Hi stranger! Signing up for MypetMD is easy, free and puts the most relevant content at your fingertips.

Get Instant Access To

  • 24/7 alerts for pet-related recalls

  • Your own library of articles, blogs, and favorite pet names

  • Tools designed to keep your pets happy and healthy

or Connect with Facebook

By joining petMD, you agree to the Privacy Policy.

petMD Blogs

Written by leading veterinarians to provide you with the information you need to care for your pets.

The Daily Vet by petMD

The Daily Vet is a blog featuring veterinarians from all walks of life. Every week they will tackle entertaining, interesting, and sometimes difficult topics in the world of animal medicine – all in the hopes that their unique insights and personal experiences will help you to understand your pets.


Cats can suffer dental disease and other oral health issues just as dogs, and even people, can. In fact, roughly two-third of cats over the age of three suffer some degree of dental disease. Unfortunately, oral health is frequently overlooked and/or neglected in cats.

Cats can suffer from plaque build-up and tartar/calculi accumulation both above and below the gumlike, just like dogs. They also commonly develop gingivitis (inflammation of the gums) and other forms of periodontal disease as a result.

However, there are some forms of oral disease that are seen more commonly in cats than in dogs. Stomatitis is a good example. Stomatitis is inflammation of the mucous tissues of the mouth. In cats, stomatitis can become quite widespread, involving not only the gum tissue on the upper and/or lower jaw, but also sometimes the pharynx (throat area) and even the tongue. Depending on the extent of the disease, it is also sometimes referred to as gingivostomatitis.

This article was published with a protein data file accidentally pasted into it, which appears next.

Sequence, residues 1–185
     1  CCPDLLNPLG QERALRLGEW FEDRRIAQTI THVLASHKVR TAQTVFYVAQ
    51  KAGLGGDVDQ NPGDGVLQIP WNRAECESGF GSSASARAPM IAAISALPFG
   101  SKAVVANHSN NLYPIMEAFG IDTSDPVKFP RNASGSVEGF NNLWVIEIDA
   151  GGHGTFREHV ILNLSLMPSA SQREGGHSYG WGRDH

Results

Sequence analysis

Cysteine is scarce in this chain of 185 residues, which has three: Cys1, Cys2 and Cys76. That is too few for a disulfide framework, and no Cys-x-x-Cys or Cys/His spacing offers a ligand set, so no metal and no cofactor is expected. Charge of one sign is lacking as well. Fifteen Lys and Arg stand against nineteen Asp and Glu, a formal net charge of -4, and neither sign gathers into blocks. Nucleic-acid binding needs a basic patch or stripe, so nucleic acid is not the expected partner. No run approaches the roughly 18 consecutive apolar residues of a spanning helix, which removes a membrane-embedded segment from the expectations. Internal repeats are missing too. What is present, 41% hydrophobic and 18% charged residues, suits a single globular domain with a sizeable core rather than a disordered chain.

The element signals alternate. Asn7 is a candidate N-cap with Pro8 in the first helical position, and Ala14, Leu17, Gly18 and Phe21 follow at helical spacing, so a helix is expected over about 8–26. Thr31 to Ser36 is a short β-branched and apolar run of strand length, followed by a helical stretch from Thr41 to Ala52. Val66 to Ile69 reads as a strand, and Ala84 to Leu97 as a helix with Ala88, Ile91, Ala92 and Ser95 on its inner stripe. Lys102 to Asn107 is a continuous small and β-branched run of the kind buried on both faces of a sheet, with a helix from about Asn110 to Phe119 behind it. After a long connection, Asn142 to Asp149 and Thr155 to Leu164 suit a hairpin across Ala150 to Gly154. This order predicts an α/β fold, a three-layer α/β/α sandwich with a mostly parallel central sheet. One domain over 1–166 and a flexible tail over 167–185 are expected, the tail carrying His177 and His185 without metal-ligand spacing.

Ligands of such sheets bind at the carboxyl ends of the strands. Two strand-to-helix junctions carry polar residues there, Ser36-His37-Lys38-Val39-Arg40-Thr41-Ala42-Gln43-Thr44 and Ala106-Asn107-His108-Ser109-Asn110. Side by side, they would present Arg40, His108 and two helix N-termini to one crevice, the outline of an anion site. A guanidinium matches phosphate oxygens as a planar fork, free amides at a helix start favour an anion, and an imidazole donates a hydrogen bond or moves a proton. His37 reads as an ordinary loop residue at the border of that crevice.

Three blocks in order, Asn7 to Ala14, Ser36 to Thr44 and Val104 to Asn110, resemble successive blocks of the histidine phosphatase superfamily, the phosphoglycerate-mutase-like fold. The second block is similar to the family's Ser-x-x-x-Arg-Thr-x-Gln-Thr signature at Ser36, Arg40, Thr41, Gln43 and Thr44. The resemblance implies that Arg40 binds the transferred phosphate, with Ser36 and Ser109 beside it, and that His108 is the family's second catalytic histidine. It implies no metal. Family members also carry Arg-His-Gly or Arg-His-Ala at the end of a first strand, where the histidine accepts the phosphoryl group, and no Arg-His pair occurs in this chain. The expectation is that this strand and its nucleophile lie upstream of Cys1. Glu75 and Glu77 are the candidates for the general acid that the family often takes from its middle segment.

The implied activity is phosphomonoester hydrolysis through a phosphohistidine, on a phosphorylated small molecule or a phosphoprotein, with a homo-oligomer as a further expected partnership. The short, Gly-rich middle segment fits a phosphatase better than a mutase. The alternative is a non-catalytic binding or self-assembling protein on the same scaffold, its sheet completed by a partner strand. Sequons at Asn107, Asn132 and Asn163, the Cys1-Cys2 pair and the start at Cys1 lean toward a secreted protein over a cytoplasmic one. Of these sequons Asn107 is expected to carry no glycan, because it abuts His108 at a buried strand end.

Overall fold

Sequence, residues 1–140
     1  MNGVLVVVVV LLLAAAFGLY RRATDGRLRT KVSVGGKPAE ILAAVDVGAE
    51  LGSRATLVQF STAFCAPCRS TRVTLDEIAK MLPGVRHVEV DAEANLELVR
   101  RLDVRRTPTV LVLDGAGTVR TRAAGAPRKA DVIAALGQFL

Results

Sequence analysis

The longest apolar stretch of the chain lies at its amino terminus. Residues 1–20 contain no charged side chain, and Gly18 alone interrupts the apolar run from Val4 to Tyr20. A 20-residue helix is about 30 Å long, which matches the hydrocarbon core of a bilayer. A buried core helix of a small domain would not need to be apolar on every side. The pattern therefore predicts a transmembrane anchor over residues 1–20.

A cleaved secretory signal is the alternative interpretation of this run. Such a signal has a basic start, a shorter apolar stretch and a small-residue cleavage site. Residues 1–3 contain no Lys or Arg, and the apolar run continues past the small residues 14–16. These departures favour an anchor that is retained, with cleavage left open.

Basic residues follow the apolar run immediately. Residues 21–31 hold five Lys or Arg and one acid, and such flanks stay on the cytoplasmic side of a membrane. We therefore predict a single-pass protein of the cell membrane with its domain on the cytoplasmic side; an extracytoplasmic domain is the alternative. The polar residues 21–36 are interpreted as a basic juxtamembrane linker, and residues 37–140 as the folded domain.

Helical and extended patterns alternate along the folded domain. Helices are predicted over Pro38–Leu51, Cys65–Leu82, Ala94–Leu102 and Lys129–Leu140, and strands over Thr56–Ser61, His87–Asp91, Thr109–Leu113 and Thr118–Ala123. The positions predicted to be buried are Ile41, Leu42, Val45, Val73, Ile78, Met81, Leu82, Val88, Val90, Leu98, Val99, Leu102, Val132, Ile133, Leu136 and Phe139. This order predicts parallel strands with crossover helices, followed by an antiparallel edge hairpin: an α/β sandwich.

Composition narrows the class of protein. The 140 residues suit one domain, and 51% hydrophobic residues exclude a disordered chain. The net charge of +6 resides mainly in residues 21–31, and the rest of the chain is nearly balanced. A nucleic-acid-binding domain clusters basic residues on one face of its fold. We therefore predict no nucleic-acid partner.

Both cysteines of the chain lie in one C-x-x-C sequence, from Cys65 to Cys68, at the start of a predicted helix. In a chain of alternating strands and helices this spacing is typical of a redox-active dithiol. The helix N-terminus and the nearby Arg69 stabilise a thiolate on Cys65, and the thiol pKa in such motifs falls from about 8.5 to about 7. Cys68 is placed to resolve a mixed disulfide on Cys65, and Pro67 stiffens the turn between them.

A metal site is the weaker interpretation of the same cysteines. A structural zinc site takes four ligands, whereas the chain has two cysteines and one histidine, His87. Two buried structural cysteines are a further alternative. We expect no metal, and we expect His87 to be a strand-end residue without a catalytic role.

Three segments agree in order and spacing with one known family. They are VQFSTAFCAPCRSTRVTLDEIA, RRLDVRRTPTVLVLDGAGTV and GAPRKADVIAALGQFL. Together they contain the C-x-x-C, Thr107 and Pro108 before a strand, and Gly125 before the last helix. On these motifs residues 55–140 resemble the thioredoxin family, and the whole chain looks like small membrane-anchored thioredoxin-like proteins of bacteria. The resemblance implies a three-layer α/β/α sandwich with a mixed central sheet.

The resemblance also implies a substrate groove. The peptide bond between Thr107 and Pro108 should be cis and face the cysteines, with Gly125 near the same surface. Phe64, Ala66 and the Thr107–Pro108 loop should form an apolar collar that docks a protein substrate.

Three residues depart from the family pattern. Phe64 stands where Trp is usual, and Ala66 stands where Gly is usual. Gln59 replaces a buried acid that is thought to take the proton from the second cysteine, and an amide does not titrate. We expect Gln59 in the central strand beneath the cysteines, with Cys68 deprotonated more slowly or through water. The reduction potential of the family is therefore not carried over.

Stomatitis is thought to be an extreme reaction to plaque or tartar on the teeth. An association with infectious diseases such as feline leukemia, feline AIDS and Bartonella has been suggested also, but these diseases have not been concretely proven to be a cause of stomatitis at this time.

Prevention and control of feline stomatitis is through good oral care, with regular veterinary cleanings and routine tooth brushing at home to keep plaque, tartar and calculi at a minimum. In some cases, particularly when it is impossible to care for the cat’s teeth properly at home, extraction of the teeth is recommended. It may be necessary to remove all of the teeth for your cat, or your veterinarian may recommend removing your cat’s back teeth, leaving only the canine teeth and incisors. This will depend on your cat’s individual situation.

Feline oral resorptive lesions, sometimes referred to as FORLs, is another common tooth disease in cats, in which there are areas where the tooth is actually being resorbed. They are sometimes also called neck lesions because they frequently occur at the “neck” of the tooth, near the gumline. FORLs are extremely painful lesions and more than one tooth may be affected. Though restoration of these teeth is an option, some veterinarians believe that extraction is the treatment of choice because of the likelihood that these lesions will progress. Your veterinarian will help you make the correct choice for your cat if your cat suffers from this type of lesion.